The Chateau de Locguénolé, a Ladylike Survivor
The family that owns the Chateau de Locguénolé traces its noble lineage through the maternal line to a Marquis and a Count. The present matron of the family lives next door to the 19th century manor that houses the hotel, in her 18th century manor that barely survived the French revolution and her son manages this property which is a member of Relais & Chateaux.
Entering down a tree-bordered lane, and relaxing with a cup of tea on the frayed brocade of period furniture, you get the urge to don lots of petticoats and perhaps play a tune on the piano forte. And then you retire to your room to dress for dinner. Tall ceilings, windows looking out on long stretches of lawn leading to an Atlantic inlet, the pastels of fashionable 19th century very wealthy homes, fireplaces and top grade linens. You could swear you are simply the guest of the lady of the house for one of her famous weekends in the country.
The hospitality is warm and relaxed. And I’ll wager that no 19th century manor could have served the unforgettable repast that you will be served in the fine dining restaurant with a Michelin 1-star chef on the lower floor of the chateau. After an amuse bouche that would be enough for dieters meal, I chose a crab salad: the crab–a melt-in-the-mouth piece of crab the size of my hand, a celery salad with minced crab and orange, and a crab cake flavored with whipped cheese. Then came the lamb stuffed with minced vegetables, and riced potatoes flavored with rosemary. For dessert, chocolate mousse, marscapone, candied nuts served on a circle of chocolate and caramel sauce.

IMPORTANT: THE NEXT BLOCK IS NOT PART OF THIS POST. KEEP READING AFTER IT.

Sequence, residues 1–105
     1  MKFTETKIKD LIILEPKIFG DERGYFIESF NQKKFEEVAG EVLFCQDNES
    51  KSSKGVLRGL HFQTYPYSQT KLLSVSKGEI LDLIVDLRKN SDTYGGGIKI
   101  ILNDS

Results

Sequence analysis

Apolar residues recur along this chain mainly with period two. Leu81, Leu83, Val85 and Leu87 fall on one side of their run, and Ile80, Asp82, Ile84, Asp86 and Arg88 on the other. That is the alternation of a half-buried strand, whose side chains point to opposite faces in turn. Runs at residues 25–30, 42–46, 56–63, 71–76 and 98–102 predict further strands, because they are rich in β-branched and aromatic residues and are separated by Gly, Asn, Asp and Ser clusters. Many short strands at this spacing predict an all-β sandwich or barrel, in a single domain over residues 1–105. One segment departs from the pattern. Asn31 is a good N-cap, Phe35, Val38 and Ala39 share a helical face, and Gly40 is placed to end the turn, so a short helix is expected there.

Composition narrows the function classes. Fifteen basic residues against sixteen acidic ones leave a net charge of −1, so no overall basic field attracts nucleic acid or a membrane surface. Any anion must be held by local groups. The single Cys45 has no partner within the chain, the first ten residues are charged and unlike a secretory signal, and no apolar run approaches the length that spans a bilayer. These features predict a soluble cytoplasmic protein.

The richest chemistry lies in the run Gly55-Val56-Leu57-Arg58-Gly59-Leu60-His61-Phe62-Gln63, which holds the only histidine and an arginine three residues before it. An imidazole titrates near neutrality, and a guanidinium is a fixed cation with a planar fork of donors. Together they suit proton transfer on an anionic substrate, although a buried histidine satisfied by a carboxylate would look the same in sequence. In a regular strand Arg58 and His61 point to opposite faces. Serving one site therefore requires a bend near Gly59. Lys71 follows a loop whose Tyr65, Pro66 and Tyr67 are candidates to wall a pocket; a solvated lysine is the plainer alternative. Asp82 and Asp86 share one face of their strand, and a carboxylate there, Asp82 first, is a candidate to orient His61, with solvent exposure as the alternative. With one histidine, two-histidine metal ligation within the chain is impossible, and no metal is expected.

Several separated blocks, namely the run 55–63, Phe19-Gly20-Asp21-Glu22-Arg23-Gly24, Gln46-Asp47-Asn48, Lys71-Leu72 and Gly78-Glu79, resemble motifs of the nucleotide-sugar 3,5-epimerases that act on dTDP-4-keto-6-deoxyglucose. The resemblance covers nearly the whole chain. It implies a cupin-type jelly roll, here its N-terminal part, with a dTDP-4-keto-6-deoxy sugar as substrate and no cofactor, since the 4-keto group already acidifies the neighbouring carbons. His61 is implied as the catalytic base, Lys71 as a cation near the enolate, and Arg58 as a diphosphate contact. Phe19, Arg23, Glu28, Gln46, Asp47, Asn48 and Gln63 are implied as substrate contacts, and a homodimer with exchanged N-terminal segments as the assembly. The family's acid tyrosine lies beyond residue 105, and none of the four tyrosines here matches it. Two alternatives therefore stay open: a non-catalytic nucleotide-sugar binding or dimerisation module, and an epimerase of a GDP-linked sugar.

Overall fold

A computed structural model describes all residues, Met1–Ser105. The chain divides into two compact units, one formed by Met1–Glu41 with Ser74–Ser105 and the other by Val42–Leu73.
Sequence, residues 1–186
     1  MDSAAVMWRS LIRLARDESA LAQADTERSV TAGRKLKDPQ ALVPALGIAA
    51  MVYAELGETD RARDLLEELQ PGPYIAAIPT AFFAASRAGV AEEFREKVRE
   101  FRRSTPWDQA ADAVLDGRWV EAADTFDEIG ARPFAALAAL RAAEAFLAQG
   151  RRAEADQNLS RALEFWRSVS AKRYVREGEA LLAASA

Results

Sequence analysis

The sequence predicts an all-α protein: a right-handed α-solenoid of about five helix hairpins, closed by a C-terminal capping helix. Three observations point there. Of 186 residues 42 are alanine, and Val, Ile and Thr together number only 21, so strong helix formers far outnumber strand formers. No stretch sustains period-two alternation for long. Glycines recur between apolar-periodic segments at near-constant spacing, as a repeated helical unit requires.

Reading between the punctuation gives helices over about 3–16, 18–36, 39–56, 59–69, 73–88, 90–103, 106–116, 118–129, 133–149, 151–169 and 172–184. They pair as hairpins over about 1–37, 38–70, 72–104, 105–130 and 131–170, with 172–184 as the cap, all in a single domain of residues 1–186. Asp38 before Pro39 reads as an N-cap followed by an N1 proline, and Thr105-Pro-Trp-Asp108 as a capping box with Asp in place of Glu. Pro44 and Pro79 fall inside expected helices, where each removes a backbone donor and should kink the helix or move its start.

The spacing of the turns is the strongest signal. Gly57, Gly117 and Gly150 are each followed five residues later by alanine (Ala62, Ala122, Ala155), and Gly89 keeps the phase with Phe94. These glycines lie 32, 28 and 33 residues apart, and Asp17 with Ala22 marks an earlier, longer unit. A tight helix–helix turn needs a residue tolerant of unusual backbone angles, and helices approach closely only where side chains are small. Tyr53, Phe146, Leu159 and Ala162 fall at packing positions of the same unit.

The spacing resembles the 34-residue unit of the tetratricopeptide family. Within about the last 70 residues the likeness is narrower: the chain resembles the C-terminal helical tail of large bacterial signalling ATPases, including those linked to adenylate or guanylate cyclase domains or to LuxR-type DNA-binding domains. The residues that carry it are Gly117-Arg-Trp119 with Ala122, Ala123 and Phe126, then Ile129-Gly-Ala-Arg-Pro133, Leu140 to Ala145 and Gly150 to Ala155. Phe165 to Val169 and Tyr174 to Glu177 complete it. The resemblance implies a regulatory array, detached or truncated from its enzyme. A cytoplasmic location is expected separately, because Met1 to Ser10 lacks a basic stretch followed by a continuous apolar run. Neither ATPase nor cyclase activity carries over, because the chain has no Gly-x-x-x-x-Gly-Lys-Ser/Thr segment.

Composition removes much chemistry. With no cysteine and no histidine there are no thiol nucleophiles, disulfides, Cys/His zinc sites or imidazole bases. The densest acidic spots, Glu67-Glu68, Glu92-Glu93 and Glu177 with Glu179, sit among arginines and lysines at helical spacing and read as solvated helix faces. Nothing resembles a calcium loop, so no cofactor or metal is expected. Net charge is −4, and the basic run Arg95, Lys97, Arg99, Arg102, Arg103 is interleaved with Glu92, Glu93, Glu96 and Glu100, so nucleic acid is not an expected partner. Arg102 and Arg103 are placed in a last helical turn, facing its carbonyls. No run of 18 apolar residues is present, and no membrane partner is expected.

But go ahead. Eat! Because you can walk miles on the paths through the property’s 250 acres of private woods and seafront. Strolling with a parasol through this picturesque property will put you in the right frame of mind for discussing hair-dos and the latest fashions from Paris.
And speaking of fashion, this coast is lined with fashionable resorts that drew ladies of the 18th century as well as the present day. Boat trips on the Morbihan Gulf, with stops at the islands are highly recommended for ladies( the benefits of sea air, you know.) Owner and manager Bruno de la Sabliere can talk knowledgeably about sailing, since he was formerly a professional sailor.
The nearby town of Pont-Aven once swarmed with Impressionist painters, and now its streets teem with art buyers at the many galleries and artist’s studios. Finally, if you want to go even further back in history, don’t miss the prehistoric megaliths lined up for an amazing 4 kilometers near the seaside resort of Carnac. If you want more vigorous activity than ladies of yore, play tennis or swim or rent a bicycle and pedal out across a causeway to Quiberon where fashionable shops carry treats like the must-have blue-striped white Brittany sweaters.
Domaine de la Bretesche, the Ultimate in Charm